Hmm. Maybe I should study Hosea as a writer, and see how I can apply those techniques to my own writing. Something to think about anyway.

Self-Deceit?

I received the score sheets and suggested edits to my contest submission three days ago, and I have yet to download or even open the attachments.

I’m still too uncertain as to whether or not I’m emotionally capable of handling more criticism — even though intellectually I know many of the comments will only help to improve my craft.

As writers we get so close to our stories that we can’t see what readers see. What seems obvious to us can be confusing to the reader.

As I continue to struggle with feelings of rejection and inadequacy, I am nonetheless thinking and simmering over the scoresheets themselves.

I believe I have come up with a way to “speed up” the first chapter, and give the reader a sense — at least at the beginning — of who the main character is. As a reader, I do like to pick one character — at least to start — to latch onto, relate to, and root for. By giving the reader three equally important characters, the reader has more difficulty making that choice.

All it will take for me is to switch the point of view to a different character. Everything else that happens won’t change, so it won’t adversely effect the rest of the story.

Still, by avoiding the judges comments, am I engaging in a bit of self-deceit?

Adam Savage of “Mythbusters” once said: “I reject your reality, and substitute my own.”

Perhaps that’s what I’m doing, both with my previous entry about my manuscript not being the best fit for the contest (and hence the low scores), and by rewriting the first chapter entirely without looking at and thereby digesting the other comments.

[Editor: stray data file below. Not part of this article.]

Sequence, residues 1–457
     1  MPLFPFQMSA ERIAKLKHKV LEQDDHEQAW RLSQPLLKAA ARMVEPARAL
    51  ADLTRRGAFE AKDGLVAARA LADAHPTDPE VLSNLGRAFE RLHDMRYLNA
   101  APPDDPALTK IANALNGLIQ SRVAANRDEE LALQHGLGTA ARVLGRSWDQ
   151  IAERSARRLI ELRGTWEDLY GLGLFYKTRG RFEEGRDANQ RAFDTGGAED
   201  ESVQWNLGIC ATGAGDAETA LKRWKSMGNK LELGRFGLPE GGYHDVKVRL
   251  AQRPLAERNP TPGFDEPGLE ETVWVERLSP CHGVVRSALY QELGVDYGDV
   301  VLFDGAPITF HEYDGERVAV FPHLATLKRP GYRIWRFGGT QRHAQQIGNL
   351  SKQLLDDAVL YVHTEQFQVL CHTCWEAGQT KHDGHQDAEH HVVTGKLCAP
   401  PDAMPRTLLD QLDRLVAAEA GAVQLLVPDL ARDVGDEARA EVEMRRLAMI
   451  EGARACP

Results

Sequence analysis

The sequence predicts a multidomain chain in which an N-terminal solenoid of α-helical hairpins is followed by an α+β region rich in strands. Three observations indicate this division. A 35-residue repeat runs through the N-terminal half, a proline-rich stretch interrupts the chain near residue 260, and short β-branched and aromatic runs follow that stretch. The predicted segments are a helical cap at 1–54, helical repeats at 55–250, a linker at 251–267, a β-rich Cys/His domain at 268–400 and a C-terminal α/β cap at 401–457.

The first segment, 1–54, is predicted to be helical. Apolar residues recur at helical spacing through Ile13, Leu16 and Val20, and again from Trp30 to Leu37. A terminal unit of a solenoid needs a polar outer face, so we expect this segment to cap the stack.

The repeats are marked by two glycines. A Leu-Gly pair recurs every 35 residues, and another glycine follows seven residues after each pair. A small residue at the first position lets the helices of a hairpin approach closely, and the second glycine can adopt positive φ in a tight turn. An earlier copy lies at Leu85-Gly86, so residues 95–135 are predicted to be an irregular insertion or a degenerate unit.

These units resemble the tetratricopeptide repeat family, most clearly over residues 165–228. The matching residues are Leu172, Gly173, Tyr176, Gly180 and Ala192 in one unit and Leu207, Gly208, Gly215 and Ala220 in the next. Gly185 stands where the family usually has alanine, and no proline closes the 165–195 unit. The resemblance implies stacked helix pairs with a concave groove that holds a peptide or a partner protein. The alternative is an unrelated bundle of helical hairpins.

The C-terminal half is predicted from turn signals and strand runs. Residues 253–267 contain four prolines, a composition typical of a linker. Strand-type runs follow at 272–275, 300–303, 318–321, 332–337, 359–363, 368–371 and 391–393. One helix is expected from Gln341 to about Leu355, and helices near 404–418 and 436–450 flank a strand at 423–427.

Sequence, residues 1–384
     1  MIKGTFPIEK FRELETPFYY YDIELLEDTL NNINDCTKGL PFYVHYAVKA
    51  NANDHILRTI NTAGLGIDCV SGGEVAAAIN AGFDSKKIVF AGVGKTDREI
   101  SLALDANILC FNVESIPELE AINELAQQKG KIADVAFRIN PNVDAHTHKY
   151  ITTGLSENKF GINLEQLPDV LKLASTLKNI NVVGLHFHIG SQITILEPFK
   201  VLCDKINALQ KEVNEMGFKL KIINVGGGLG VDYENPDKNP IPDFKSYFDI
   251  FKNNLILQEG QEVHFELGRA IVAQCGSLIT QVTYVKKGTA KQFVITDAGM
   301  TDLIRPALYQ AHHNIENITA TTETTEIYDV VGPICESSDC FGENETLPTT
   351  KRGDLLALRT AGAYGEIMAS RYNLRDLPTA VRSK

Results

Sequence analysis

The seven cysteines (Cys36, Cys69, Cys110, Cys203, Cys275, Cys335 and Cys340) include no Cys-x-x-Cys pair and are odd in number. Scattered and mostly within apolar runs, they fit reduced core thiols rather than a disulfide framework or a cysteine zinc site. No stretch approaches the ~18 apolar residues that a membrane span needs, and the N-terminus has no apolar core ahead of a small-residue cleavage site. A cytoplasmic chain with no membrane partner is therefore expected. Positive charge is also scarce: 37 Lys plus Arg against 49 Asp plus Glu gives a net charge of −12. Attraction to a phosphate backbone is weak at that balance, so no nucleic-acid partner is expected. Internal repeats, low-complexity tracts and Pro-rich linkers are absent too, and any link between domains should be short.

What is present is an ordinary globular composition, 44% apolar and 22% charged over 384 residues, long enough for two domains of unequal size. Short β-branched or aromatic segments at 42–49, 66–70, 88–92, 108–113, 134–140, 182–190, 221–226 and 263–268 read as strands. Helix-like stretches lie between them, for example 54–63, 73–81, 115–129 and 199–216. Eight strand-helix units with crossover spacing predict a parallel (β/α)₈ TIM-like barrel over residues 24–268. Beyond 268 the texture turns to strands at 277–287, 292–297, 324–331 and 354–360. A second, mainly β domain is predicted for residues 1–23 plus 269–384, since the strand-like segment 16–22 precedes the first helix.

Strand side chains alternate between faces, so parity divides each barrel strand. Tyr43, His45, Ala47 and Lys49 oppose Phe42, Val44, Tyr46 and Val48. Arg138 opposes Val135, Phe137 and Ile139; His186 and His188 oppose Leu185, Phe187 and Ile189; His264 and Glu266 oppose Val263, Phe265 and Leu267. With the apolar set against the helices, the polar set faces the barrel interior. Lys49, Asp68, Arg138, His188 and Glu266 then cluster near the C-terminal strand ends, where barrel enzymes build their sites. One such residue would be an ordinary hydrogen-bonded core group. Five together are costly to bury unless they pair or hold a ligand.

I won’t know for sure until I read the comments . . .

Nope, still not ready to face them. I prefer to swim in my chosen “reality” for a while longer.

Maybe tomorrow.

“I Hate Writing. I Love Having Written.”

Quote by Dorothy Parker.

I can relate to this, especially recently. For the past month, I can’t seem to write a single blog entry. I had also hoped to write 50,000 words in October, and I barely surpassed 10,000. I started writing two short stories, but have yet to finish either.

My lack of writing boils down to a combination of lost interest and motivation, and a waning confidence. I don’t know where it comes from except to say that the more time passes with no writing, the more I believe I lost whatever skill I’ve gained, both in my writing ability, and finding interesting subjects to write about.

In short, I suck at this whole writing thing, and to share even a single word is to embarrass myself and waste readers’ time.

What I need to do is shelve my unfinished short stories in favor of finishing the second draft of my latest novel. I entered the first few pages to a contest for which I should hear how it fared within the next two weeks. Although it made it to the finals, I’d like it to win. The prize amounts to little more than bragging rights, but I’m okay with that. If I ever decide to seek publication for it, winning a contest will hopefully pique an agent or publishers interest when they might otherwise pass it by.

It’s not a big deal either way, because an agent once told me, winning a contest is based largely on comparing the quality of the entries. Saying my book is the best out of a lot could mean nothing more than mine was only slightly less mediocre then the other contestants’. It still has to stand on its own merits when read by others, whether my chosen audience or publishers/agents.

In the meantime, I need to submit another complete novel to agents. The question is, since one novel ready for submittal is science fiction, the other is fantasy that could work for either the mainstream or Christian markets. Not all agents take both mainstream science fiction and Christian fantasy. I may have to decide which audience is more important to me.

You’d think as a Christian, the choice would be obvious.

But it’s not. Does God want me to write books for Christians alone where Jesus sits front and center, or reach out into the world? Not to preach, though, because my mainstream novels contain little by way of Christian faith. At least overtly. Several of my characters believe in God, but they don’t preach or try to convert. They simply believe in a Creator, a power beyond their understanding, but worthy of worship anyway, however quietly.

Writing is hard, because it’s a skill in need of constant practice, just like any other artist or musician. “Use it or lose it,” as they say. It also requires constant thoughtfulness, to ever ask the question: is this interesting, and not only to myself? Aside from well-written, is it informative, or entertaining? Both? Neither?